Meet the majestic Samburu people during your Warriors Academy.

Learning The Ways Of The Samburu Warrior

At the Saruni lodges, families can take a break from unfettered luxury and enjoy a different kind of safari experience: joining the Warriors Academy and learning the ways of a Maasai or Samburu tribe, with a real Maasai or Samburu warrior – or ‘moran’ – as a guide. It’s one of Kenya’s best safari experiences.

The African sun, at the apex of its slow crawl across a sandy-blue sky, beat down relentlessly, the midday heat seemingly driving me into the ground. My patch of shade had drifted with the sun’s movements, and I was crisping. I glanced over at my partner, who lay still, prostrate. I shut my eyes against the glare. Was there any salvation in this arid wilderness? ‘So … thirsty,’ I croaked. ‘Need…’

I hadn’t finished my sentence when a cool hand fell reassuringly upon my forehead, and I felt droplets of liquid alighting on my lips. It was bitter. Wait, was that … aloe?

I opened my eyes to find my progeny crouched over me, carefully squeezing the sap from a thick, green piece of the fleshy plant. I spat and spluttered, and my partner failed to stifle a laugh, shifting their deck chair beneath the umbrella. Lying beside the higher of two infinity pools at Saruni Samburu, I might’ve preferred something like, say, a cocktail to quench my thirst. I would’ve settled for a glass of Chardonnay.

After all, what are a few days at one of Kenya’s best safari lodges for if not kicking back and enjoying the finer things in life? Endless semi-desert vistas, crystal-clear pools, delicious drinks and snacks … and a precocious, burgeoning young Samburu warrior for a child.

I suppose I had no one to blame but myself. I’d been the one who’d suggested we try the Warriors Academy – something a little unusual for our latest safari adventure, something to get our little one off Instagram and Facebook, away from bad music and worse TV, out of the digital world and into the real one.

I’d grown up on a farm, I reasoned, and learned how to feed pigs and milk cows. Now my daughter was milking aloe onto my face, mimicking just one of the survival techniques taught to her in the morning by Loloju, the moran – or warrior – assigned to educate us in the ways of the Samburu.

‘That should keep you going,’ whispered my little Samburu warrior. Then, with a wicked grin: ‘Now I’m off to catch us something for lunch.’ What dormant instincts had we unleashed in our offspring?

The Warriors Academy, available at the Saruni Samburu and Saruni Mara lodges, is an interactive wildlife safari that enables kids – and parents, if they can keep up – to learn the practices of the Samburu moran. Like the Maasai, the Samburu tribe is one of nomadic pastoralists. Remarkably, they’ve managed to retain many of their traditional cultural ways of life, defying the trappings of the modern world in favour of preserving ancient customs.

While not all Kenyan lodges run formal academies, many, like Elephant Watch Camp and Sasaab, offer other opportunities to learn about the Samburu and Maasai peoples, through walking safaris and cultural visits, or simply by being around them.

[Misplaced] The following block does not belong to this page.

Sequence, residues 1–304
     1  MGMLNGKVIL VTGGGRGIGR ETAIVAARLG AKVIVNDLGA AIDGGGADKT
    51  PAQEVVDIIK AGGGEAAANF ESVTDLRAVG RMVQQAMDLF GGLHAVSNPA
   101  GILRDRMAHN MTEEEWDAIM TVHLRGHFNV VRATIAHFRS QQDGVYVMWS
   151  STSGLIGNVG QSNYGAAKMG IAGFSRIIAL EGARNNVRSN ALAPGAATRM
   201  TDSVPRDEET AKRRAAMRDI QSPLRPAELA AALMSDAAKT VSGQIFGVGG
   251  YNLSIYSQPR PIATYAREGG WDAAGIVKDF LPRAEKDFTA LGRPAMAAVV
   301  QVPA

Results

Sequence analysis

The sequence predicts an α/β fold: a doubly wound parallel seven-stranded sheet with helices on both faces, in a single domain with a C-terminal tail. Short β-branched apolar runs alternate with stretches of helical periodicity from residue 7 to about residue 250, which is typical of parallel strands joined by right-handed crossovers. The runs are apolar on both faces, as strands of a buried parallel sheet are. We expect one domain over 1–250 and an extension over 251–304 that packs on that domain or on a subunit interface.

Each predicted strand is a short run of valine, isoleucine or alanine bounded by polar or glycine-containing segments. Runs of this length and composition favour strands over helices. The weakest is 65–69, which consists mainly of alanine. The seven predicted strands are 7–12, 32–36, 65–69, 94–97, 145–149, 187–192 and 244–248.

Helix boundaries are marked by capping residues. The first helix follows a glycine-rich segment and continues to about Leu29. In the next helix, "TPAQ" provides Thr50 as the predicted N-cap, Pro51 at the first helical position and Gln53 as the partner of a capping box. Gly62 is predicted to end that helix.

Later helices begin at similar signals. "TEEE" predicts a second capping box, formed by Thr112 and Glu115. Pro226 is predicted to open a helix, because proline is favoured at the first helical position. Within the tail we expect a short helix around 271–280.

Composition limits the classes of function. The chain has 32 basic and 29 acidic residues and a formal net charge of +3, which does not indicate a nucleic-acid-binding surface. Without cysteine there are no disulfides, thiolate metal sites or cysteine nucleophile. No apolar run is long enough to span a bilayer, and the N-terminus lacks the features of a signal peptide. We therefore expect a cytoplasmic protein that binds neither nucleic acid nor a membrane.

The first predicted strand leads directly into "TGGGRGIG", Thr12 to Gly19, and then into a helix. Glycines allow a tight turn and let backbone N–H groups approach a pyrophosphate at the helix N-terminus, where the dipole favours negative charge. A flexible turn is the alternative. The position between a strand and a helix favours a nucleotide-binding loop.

The Saruni Warriors Academy experience can be tailored to run over anything from a day to a week. Being short on time, we’d picked just the one day. In the space of one morning, our child had transformed from sulking over the lack of technology to skulking after a mongoose in the undergrowth. Loloju had taught her how to identify edible and medicinal plants, a task she took to with surprising gusto and acuity, digging in the soil on knees that hadn’t seen dirt in months to find bulbous, life-giving roots while we adults dug up clods of dry soil.

We’d watched in amazement as our coy little princess hurled spears and fired arrows at targets, squealing in delight as they met their mark. ‘Is Call of Duty off the Christmas list, then?’ murmured my partner into my ear before receiving a swift elbow to the ribs.

Mercifully, she managed to avoid killing any of the fauna at the lodge, and later that afternoon we followed animal tracks through the arid wilderness to a watering hole, where Loloju demonstrated how to remain unseen and downwind of animals. Hiding in the undergrowth watching for game was very different from sitting in a game vehicle, but our little one’s eyes lit up as we spotted a small group of elephant approaching the water followed by a pair of zebra and their own kin.

Watching the fawn splash about in the shallows, muddy water under the watchful eye of its elders, I thought about the knowledge and habits we impart to our children – and how we so easily get swept up in the same arbitrary distractions on which we so often accuse them of wasting their time.

‘Lotuko,’ our daughter said sagely in the Samburu tongue, gesturing at the zebra to a nod of approval from Loloju. I didn’t pick up any Sampur that day, nor did I master foraging or spear throwing, but I did learn a thing or two about my child.

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